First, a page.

Wow. You know, my favourite books are the really old, dry ones that I read when I was young. I am not a subscriber to the modern concept that a story should be told in 300 pages or less. Screw that. I love Tolkein, Alcott, and Lawrence. Those stories they told were real. Absolutely real and raw and dirt and messy and they were long, but once you read them, you actually lived another life. You came out of them with somebody else’s experience and wisdom and you were a better person for knowing the characters. Those are the kinds of books I want to write. The kind that change your mind and get into your soul and stay there forever.

As far as films, I’m a big fan of Hong Kong Cinema, but not the karate genre, per se. I love Hong Kong drama. My all time favourite film ever is a Hong Kong film called “Anna Magdalena”. But as far as American cinema, I just like movies that have meaning, or are funny. It’s always nice to just laugh.

Music…well, that’s a whole other subject! I listen to everything from opera, standards, and jazz to Iron Maiden. It depends on my mood.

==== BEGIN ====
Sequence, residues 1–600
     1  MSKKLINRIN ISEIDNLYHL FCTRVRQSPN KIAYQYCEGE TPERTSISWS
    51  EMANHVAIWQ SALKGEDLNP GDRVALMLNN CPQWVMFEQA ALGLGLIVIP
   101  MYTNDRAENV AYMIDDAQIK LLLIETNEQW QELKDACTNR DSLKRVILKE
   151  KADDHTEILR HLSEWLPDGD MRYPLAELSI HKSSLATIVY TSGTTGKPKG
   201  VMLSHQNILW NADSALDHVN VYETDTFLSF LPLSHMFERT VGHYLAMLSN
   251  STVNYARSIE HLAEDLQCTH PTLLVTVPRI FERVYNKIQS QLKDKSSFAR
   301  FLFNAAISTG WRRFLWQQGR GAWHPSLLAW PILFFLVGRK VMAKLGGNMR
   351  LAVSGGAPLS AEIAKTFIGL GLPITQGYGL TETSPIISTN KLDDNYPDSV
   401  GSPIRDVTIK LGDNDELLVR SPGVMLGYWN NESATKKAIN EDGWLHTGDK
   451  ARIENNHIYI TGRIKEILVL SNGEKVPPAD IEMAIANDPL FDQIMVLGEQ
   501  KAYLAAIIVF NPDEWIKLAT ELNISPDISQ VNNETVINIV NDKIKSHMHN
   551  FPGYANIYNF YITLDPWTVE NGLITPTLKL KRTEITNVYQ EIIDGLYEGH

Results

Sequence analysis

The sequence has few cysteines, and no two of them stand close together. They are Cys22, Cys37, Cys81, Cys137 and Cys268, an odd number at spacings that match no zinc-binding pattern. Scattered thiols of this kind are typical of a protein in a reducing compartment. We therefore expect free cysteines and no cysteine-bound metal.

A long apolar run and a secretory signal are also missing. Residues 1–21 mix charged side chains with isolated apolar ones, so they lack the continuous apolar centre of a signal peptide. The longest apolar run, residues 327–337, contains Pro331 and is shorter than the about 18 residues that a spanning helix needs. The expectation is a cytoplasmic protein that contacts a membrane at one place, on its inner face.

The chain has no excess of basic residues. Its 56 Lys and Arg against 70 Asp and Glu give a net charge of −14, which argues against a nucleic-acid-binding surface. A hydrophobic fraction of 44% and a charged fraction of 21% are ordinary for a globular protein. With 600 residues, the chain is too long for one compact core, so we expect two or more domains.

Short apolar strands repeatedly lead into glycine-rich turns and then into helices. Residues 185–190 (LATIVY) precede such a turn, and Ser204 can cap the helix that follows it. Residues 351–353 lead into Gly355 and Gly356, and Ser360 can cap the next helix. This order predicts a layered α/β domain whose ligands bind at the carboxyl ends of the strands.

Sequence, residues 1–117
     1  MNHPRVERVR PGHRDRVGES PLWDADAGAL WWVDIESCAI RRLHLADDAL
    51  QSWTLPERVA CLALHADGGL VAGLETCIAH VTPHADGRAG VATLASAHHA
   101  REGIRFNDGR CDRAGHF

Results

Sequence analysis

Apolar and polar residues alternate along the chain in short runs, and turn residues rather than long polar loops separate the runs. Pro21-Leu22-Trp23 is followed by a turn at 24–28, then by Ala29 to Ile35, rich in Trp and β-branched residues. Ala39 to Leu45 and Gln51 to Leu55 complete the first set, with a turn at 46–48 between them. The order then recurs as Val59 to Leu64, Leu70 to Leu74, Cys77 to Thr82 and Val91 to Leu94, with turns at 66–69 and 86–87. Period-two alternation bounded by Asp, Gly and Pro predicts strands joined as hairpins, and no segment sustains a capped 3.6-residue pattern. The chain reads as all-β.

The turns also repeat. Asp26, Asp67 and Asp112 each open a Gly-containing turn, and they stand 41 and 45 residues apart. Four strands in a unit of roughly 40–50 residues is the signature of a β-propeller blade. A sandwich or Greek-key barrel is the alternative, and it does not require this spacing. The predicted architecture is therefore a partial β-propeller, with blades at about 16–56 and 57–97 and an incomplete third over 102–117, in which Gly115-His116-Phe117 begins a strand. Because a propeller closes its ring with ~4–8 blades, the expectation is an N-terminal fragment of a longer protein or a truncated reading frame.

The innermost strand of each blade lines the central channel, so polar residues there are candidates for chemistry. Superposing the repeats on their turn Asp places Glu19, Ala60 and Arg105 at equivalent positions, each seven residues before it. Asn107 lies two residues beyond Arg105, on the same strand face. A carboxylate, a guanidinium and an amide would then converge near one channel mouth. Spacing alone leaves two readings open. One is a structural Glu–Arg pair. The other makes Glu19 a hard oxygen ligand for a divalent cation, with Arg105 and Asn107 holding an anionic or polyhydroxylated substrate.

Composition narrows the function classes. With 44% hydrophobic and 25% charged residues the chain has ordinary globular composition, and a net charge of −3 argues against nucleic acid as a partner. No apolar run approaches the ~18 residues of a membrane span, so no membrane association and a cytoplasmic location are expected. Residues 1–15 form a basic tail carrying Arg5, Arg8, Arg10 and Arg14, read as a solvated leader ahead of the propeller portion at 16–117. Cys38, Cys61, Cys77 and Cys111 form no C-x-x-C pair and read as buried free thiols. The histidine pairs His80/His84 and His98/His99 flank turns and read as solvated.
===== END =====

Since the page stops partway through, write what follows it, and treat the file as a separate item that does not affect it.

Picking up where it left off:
What are your views on independent publishing?

Well, I’ve been in the publishing industry on and off since I was twelve years old. I made a very intentional decision to self-publish. It wasn’t born of the frustration of being rejected by traditional publishers. I know full well I can be traditionally published, because I’ve done it under a different name. However, I didn’t want to be told what to do. I didn’t want my book to be gutted. It was so personal and so special to me that I wanted it how it was. I didn’t want it to be necessarily polished or perfect. I wanted the reader to have one of two experiences as they read: to either be the person Silvia, the narrator, was speaking to, hearing her voice as she rambled, watching her remember her life and tell it in her own words, or to be an eaves dropper on the train with them. My goal was to tell the story the way my own grandmother would have told it to me. I didn’t want anybody touching that, so I didn’t let them. I have every intention of doing the same thing with my next book, too. Every story has a soul and every author has the right to tell it the way they want. I like to do things my own way without a lot of aggravation. I’m very punk rock that way.